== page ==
Water Proofing

Water tank Waterproofing: What you should know!

Water tanks are normally installed underground or overhead in large complexes and sometimes small houses.

Water tanks are normally installed underground or overhead in large complexes and sometimes small houses. As a consequence, water can seep through the common joints between the house and the tank at any time, particularly if the tank is poorly constructed or simply not waterproofed. This is a major risk because leakage and seepage will damage the interior walls and also cause health problems. and even result in health complications to the inhabitants.

It takes a long time to fix an old water tank. The precise position of the leakage is very difficult to pinpoint. Water leaks into the smallest capillaries and can be seen or trickle through a section of the system while the source of the leak is currently somewhere.

Let’s take a look at how to deal with these issues with water tanks and what the best option is.

Two ways to waterproof a water tank

You should waterproof your water tank in two ways:

The traditional method is to apply cement slurry, which would temporarily avoid the leakage. It’s just a temporary fix for waterproofing the tank, and it’s done to stop leaks from cracks and joints.

The most cost-efficient and effective approach requires a lot more effort, but it is a long-term solution. It’s a two-step process that begins with saturating the surface to be treated with a high-performance Polymer modified cement-based coating. Over the handled surfac, the second stage entails fully waterproof grouting of the building joints with a polymer modified mortar.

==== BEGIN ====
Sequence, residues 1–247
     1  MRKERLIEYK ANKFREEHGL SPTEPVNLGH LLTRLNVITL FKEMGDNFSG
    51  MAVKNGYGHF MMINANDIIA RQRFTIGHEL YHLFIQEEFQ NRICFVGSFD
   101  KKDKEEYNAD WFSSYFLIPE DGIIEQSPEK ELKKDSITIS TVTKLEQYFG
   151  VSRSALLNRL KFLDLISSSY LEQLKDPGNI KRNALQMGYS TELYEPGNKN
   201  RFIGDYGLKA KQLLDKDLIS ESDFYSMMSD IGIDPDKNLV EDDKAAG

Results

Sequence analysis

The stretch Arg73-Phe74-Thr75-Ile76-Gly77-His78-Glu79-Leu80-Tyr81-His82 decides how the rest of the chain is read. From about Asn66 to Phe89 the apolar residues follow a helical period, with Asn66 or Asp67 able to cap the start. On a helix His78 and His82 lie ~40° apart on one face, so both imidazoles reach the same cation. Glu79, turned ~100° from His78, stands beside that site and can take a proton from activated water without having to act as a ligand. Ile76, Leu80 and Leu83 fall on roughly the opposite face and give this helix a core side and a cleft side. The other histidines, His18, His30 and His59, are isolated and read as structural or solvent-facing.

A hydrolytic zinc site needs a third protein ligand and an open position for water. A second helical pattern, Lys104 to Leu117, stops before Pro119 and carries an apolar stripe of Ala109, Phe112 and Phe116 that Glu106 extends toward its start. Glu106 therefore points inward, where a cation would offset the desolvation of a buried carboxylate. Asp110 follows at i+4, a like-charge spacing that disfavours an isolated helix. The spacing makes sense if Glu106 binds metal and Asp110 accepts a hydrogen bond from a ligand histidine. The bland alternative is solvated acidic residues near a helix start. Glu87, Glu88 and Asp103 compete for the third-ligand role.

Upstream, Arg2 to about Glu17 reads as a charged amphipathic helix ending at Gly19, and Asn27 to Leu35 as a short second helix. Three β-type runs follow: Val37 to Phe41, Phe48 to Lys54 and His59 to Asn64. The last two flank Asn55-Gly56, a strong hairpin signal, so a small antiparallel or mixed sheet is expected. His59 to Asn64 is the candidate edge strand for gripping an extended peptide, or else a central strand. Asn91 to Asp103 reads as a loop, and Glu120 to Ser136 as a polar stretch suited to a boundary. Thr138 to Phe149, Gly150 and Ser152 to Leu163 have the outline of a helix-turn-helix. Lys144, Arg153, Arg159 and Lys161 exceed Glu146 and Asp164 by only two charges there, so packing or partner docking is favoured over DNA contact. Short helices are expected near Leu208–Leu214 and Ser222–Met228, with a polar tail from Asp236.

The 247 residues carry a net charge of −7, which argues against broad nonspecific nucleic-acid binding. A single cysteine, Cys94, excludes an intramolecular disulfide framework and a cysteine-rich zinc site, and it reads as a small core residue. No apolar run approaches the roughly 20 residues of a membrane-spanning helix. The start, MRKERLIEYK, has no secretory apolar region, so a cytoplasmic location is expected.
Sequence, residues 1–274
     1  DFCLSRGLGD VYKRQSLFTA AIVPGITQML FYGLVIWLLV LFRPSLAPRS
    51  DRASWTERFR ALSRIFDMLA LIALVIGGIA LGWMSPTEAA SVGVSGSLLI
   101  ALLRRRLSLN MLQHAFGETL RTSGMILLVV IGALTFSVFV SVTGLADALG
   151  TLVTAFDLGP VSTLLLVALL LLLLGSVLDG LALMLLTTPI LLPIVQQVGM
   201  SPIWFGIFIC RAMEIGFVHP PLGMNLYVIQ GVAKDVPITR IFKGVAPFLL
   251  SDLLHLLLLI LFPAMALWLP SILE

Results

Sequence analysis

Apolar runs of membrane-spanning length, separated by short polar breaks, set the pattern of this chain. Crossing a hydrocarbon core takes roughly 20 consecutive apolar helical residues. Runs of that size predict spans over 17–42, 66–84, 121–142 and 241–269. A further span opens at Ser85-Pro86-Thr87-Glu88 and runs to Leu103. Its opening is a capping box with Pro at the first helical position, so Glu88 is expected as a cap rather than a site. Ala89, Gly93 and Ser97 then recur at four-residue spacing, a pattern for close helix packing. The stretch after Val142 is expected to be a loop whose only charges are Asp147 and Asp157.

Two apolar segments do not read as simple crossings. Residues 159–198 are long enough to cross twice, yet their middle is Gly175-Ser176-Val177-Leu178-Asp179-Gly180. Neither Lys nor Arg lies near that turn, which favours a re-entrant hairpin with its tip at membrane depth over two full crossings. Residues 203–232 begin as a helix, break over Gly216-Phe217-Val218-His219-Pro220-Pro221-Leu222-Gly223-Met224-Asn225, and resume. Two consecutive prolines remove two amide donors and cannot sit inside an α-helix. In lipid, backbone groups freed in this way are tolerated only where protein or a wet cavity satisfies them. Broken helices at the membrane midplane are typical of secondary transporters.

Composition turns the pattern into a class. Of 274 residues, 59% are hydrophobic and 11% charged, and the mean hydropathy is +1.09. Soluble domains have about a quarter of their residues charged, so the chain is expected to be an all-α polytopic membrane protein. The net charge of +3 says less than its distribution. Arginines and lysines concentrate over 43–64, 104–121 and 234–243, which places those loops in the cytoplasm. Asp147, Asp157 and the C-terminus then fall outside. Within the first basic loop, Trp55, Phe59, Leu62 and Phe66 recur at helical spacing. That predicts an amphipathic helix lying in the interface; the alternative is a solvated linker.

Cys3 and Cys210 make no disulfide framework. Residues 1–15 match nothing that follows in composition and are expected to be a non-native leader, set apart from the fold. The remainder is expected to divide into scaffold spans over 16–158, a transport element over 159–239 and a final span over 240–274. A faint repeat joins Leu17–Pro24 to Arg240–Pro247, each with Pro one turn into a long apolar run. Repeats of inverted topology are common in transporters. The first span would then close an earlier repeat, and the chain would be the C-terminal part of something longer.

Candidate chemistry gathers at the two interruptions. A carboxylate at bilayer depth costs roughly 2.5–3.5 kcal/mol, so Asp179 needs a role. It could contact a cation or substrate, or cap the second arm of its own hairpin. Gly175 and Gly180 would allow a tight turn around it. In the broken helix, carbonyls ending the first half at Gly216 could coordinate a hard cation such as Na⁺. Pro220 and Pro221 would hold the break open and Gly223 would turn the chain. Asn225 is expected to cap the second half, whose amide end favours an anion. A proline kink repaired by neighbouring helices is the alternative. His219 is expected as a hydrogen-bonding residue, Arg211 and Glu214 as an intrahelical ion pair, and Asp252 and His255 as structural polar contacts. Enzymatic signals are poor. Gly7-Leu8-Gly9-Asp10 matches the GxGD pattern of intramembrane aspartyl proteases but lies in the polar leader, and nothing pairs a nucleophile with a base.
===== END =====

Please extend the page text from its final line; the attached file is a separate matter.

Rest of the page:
Why opt for the polymer modified mortar option?

The polymer-modified mortar solution outperforms the standard approach by a broad margin.

The treatment includes fixing any cracks, leaks, and other joints that are vulnerable to leakage. The water tank is properly drained of soil, grease, and other loose material prior to the repair. This means that the procedure is not simply a band-aid solution, but that the entire surface is cleaned and waterproofed.

A latex and cement or rubber and cement ratio is used, which is much more stable than traditional cement slurry. Simple concrete is less durable and can break with time.

Instead of only treating the trouble spots, the whole surface is treated. As a result, it is a lot more long-term approach.

Water tank leaks are an example of a serious home fix that can never be overlooked. They can do a huge amount of harm, and the adage “a stitch in time saves nine” is really applicable in this case. Waterproofing provides homeowners with long-term peace of mind while still protecting their properties.